[fpc-devel] Extended($FFFFFFFFFFFFFFFF) = -1?
ewald at yellowcouch.org
Mon Mar 3 01:08:06 CET 2014
On 03 Mar 2014, at 00:29, Hans-Peter Diettrich wrote:
> Ewald schrieb:
>> It seems like sticking to one principle (signed integer as much as
>> possible) actually breaks another principle (bitpattern).
> Wirth and his Pascal language are well designed with signed types above all, and unsigned types being subranges. In so far one could consider hex constants with the sign bit set as syntactical errors.
Well, a warning or something like that (note, hint?) would be welcome indeed. Something like `Your constant will probably not be interpreted like you expect it due to [....]`.
>>> You do care about the signedness, because the only way to represent
>>> int64(-1) in hexadecimal is as $ffffffffffffffff.
> Negative numbers never should be expressed in hex.
Agreed, if one wants a negative number, one should put a `-` in front of it.
>> And what about -$1? Or is that too far fetched?
> That's correct, because -$1 is -1 is a valid integral expression, without signedness problems.
Yeah, that is what I thought as well...
>> This highest bit then reflects the sign.
> The sign representation is machine specific, as you know. On 1's complement machines there exist two representation of zero, as +0 and -0, and you cannot express both as hexadecimal constants in an portable way.
Yes, but Jonas wrote that:
`The internal representation of a machine is unrelated to how values in the source code are interpreted. Just like 'a' in an ASCII source file will always mean the character 'a', even if that source file is compiled for a machine that uses EBDIC. Numbers in FPC source files will always be interpreted as two's complement.`
This means that the sign representation must be portable because it is always 2's complement. I suppose that the compiler will convert the representation of the sign to the appropriate notation for the machine/architecture it is compiling to.
So, hence my 2's complement notation for a _potential_ type.
> That's why high level languages, like Pascal, forbid hex representations of (possibly) negative numerical values.
That indeed would be a solution, but freepascal doesn't forbid it. Actually I am a bit opposed to forbidding stuff, so a simple warning of some sort would do just aswell for me.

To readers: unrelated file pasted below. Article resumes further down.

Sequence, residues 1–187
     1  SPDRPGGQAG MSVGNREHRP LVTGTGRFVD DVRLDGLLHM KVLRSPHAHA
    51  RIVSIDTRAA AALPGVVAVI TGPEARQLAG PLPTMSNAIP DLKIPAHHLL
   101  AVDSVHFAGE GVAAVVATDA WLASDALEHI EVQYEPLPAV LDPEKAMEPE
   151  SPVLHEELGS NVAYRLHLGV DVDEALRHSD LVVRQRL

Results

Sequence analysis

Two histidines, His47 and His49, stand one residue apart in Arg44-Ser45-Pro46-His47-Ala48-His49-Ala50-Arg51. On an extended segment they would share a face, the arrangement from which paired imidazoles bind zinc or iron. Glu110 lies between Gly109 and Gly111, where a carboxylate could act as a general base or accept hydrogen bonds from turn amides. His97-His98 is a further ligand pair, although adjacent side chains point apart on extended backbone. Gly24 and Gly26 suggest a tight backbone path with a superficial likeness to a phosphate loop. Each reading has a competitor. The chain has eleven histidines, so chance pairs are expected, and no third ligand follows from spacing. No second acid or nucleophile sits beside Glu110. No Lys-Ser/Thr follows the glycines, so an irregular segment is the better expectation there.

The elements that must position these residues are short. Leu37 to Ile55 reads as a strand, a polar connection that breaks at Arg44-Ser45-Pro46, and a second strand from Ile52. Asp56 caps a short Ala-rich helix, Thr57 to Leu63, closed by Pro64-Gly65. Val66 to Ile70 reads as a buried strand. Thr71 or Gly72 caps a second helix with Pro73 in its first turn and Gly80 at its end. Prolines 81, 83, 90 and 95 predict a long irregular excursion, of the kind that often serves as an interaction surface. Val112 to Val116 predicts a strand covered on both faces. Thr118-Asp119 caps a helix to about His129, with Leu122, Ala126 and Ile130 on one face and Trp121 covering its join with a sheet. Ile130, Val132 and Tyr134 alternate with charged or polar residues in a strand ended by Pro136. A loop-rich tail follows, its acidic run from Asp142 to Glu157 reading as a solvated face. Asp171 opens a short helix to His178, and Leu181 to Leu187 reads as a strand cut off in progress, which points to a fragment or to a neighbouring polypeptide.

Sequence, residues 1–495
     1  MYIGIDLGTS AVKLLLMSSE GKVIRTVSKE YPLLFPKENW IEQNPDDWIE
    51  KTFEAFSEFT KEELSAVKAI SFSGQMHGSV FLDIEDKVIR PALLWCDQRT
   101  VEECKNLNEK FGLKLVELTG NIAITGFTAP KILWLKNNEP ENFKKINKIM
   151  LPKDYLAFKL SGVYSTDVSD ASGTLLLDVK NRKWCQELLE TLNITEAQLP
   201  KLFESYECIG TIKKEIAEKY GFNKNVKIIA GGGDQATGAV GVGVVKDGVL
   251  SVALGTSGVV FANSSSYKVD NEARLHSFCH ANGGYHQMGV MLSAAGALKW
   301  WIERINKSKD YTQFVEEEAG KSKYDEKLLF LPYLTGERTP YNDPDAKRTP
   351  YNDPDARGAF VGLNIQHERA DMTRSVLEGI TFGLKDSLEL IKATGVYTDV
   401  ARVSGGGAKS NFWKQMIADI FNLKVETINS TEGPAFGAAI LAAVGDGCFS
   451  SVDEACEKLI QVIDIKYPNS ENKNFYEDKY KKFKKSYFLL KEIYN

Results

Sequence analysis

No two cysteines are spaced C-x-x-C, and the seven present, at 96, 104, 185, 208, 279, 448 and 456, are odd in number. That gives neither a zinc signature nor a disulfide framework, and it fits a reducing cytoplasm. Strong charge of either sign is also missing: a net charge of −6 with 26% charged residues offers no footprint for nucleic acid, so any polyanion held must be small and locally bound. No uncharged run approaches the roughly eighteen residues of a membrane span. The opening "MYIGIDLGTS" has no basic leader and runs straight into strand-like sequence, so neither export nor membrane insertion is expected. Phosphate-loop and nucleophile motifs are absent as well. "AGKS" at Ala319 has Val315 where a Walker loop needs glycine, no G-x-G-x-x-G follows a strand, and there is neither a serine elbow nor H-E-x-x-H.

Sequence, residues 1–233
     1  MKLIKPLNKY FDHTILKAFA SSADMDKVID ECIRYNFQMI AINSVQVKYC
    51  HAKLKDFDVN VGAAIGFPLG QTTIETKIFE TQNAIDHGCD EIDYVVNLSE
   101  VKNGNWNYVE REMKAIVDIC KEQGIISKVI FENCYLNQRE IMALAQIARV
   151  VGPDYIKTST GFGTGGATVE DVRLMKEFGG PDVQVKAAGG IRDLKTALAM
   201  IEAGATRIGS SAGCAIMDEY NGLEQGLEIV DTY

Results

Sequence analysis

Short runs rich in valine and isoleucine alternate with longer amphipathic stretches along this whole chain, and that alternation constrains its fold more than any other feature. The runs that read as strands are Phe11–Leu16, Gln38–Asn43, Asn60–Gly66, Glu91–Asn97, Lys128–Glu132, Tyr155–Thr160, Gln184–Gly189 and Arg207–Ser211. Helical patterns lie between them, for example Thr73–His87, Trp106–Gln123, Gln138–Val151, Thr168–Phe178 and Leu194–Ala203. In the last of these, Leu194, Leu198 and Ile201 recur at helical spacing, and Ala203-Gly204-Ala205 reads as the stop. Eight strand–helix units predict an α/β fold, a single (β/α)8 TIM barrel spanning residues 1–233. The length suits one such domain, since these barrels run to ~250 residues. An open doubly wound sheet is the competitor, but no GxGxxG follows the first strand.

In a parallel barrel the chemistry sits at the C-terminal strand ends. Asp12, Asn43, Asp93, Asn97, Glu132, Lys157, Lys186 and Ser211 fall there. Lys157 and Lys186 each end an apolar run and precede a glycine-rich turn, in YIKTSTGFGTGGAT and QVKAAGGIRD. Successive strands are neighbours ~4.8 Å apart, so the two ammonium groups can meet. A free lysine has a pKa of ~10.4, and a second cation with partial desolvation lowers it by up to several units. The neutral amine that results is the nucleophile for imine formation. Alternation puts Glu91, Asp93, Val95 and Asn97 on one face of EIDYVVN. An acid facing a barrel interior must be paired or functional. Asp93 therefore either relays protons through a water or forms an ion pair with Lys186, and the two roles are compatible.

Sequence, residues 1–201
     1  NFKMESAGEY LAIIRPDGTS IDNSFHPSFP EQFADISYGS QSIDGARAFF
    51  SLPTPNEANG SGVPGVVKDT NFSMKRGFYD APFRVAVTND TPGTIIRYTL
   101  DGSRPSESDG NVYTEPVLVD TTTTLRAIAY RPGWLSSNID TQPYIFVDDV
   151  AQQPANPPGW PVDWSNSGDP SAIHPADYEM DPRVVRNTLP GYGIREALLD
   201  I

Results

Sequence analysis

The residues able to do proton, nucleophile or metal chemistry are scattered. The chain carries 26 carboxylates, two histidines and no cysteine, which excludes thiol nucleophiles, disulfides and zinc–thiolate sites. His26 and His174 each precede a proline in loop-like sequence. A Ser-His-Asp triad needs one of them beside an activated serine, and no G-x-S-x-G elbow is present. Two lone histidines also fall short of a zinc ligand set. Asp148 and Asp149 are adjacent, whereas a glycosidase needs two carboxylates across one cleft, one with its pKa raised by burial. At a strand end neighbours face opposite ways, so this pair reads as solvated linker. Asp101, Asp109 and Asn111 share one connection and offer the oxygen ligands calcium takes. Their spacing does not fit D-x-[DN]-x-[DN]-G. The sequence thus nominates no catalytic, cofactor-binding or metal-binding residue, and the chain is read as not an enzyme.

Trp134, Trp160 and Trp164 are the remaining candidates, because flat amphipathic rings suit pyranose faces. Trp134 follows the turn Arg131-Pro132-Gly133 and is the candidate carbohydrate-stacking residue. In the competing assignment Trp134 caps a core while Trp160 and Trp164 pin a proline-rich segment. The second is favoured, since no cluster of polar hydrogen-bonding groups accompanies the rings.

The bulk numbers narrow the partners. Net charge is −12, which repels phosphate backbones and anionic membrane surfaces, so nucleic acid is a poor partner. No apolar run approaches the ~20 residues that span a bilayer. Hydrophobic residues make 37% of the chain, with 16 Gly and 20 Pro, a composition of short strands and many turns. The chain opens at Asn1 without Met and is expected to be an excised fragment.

>> `-1` would then be $1 FFFF FFFF FFFF FFFF,
>> whereas $FFFF FFFF FFFF FFFF would be $0 FFFF FFFF FFFF FFFF. It
>> really is quite easy to store it like that and `fix` things [picking
>> a fitting datatype] afterwards.
> The datatype has to be constructed/determined first, and *if* there exists a type with more than 64 bits, then it will be a signed type, with a 65 bit (unsigned) subrange matching your needs. But if no such type exists, you are lost.
Yes, that is true, but there always is a 64 signed/unsigned type (perhaps not native). On machines where, for example, only 32 bit wide datatypes are allowed, the virtual subrange should be 33 instead of 65 bytes.
Anyway, that is the way how I parse constants. The important rule here is that you don't need the full 65 bit in the final representation. The signedness of the type can fix this loss of the one bit.
>> Anyway, then you have got backwards
>> compatibility to take care of, since there will be someone out there
>> who's code actually depends on this behaviour.
> When we agree that a bitpattern of $FFFF FFFF FFFF FFFF can be interperted differently on different 32 bit machines, as -1 or -MaxInt,
Why `on 32 bit machines`? I'm fairly confident that this particular constant on this particular compiler version will generate the same outcome on every possible architecture out there (just change the `extended` to `single` in the original example, because extended tends to vary).
> then it's obvious that such a textual representation should cause an compilation error "not portable...". We know that such an error message has not yet been implemented, but if you insist on writing unportable code... :-]
I insist on using a constant that is:
- 64 bit wide
- Only contains 1's
- Is interpreted as an unsigned number wherever mathematical operations are performed.
Those demands are quite portable, no?
My original problem was easily solved with a typecast QWord(<gargantuan constant goes here>), so that was no longer an issue. What baffled me though was the fact that this (mis-: in my opinion) mis-parsing of certain constants is by design.
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